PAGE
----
1But on the first day of the week, at early dawn, they came to the tomb, taking the spices that they had prepared. 2They found the stone rolled away from the tomb, 3but when they went in, they did not find the body. 4While they were perplexed about this, suddenly two men in dazzling clothes stood beside them. 5The women were terrified and bowed their faces to the ground, but the men said to them, “Why do you look for the living among the dead? 6He is not here, but has risen.
The reading in countless churches around the world this Easter Sunday from which I have taken the title of this blog will be from Luke’s Gospel, 24:1-12. In the next instalment of Luke’s narrative (Acts 1:11) we will again find angels asking pointedly of the disciples ‘why do you stand around looking up at the sky?’ I take it that the suggestion is that there are things to be done which are not served by looking at where the Lord was, but by following where he said he would be and is. To go in the direction He has instructed. Simple.
It is entirely natural that those of our community most familiar with birth and death, the ones who would wash and prepare the dead for burial would continue in their care of the deceased, especially one so perfect and loving as Jesus. Of course, they have gone to where they left him. The places of rest of those we love and have lost are significant. We are drawn to great monuments and sites of pilgrimage, historic places and buildings, because they embody something of the past in a tangible way. Jesus was to be so cruelly ripped from the lives of his followers it would require some adjustment, the grieving process for many demands a visit to a grave and a ceremony of closure.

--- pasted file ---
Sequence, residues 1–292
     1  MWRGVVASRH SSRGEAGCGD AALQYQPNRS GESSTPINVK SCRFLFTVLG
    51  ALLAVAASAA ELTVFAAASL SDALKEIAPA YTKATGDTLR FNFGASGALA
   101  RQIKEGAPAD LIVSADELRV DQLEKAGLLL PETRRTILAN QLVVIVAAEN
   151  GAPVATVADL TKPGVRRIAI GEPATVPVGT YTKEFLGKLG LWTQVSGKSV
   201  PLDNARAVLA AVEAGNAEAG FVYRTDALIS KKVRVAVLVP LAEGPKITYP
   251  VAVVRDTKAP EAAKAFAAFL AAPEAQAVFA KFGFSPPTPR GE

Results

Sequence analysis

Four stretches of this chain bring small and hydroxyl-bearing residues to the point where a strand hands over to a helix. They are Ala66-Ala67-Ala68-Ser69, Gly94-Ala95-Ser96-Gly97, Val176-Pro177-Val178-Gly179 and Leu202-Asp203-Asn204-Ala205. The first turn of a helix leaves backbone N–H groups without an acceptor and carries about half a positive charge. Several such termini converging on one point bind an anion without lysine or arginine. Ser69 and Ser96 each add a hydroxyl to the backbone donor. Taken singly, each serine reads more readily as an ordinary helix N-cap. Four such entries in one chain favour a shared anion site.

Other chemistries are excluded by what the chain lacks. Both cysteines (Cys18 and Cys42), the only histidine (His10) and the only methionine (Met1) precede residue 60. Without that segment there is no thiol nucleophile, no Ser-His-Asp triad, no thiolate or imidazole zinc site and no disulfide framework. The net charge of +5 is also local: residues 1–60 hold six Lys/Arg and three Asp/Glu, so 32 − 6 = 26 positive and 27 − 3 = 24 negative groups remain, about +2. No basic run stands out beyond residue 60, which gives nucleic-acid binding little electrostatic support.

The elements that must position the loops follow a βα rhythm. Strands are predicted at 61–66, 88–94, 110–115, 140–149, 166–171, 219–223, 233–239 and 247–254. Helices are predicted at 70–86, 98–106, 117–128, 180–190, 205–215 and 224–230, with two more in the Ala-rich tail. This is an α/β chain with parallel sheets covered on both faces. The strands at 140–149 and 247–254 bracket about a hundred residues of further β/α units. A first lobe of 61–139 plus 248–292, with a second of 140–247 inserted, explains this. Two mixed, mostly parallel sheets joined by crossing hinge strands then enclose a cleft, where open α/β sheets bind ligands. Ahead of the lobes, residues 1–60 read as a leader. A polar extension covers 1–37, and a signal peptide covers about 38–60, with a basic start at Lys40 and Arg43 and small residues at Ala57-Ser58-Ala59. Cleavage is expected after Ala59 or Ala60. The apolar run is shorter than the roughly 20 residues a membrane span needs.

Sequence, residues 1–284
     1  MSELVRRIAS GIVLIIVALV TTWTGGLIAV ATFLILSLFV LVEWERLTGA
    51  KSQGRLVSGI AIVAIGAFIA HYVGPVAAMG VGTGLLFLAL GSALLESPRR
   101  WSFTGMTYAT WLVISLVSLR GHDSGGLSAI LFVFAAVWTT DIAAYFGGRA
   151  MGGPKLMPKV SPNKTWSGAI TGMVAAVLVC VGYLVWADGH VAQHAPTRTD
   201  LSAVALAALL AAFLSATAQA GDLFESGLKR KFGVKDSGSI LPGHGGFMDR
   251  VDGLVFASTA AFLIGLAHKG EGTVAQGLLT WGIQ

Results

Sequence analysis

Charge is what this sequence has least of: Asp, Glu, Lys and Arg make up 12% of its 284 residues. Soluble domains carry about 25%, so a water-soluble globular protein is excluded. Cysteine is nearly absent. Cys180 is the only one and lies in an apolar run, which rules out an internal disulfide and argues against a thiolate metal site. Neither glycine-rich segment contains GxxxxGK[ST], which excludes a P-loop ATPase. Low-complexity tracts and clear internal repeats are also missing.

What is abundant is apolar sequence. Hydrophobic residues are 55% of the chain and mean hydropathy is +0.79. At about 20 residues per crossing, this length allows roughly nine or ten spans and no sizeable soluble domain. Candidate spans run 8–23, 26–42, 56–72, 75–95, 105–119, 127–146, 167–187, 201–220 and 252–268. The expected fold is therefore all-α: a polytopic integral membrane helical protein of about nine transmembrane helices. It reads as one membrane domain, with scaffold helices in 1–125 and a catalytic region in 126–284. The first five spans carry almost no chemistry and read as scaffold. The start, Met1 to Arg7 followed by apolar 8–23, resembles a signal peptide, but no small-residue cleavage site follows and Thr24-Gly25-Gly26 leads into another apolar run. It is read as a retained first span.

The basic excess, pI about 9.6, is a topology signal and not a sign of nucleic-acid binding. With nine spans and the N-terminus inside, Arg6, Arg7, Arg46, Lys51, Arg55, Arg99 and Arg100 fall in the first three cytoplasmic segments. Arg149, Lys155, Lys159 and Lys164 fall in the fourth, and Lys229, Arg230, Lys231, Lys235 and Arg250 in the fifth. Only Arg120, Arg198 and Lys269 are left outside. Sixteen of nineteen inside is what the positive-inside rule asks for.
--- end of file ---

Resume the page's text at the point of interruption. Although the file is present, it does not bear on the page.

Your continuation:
We need closure when one thing ends in order to clear the decks for the new thing to come but as the angels remind us; with Jesus there is no end. We humans continue to look to the dead for inspiration. Other gods and idols are dead or crude fiction. Other methods of escape lead to death and alienation, addiction and annihilation. We are called away from the places of the dead to signpost people toward life. We do not worship one who is merely dead, one subject to the natural order of things but the One who created the natural order.
So where are we to go on our Sunday of the resurrection? To look at the grave, the sky? I propose we are to do exactly as the prompted women did on that first Easter and tell the people of what we have heard, that Christ has risen and is alive! Those we tell are likely to want to see for themselves, likely to find it an ‘idle tale’. Fine, let them find him risen and alive (v12), if they truly seek him they will.
We are to go about the work of the Kingdom and empowered by the Spirit of God love people back to life. In our demonstration of the Kingdom of Christ we demonstrate new life where once we were in the presence of the dead. Demonstrate the Kingdom, God shows up.
The angels remind us that the Lord has taken the complexity of the religious systems and made them easy – do what Jesus says, speak of what you have experienced and what you have seen or heard, and He will bring the increase. We are resurrection people and our place is amongst the living for Jesus the Christ has risen, ascended, and sits at the right hand of the Father, in Him we have the hope of salvation!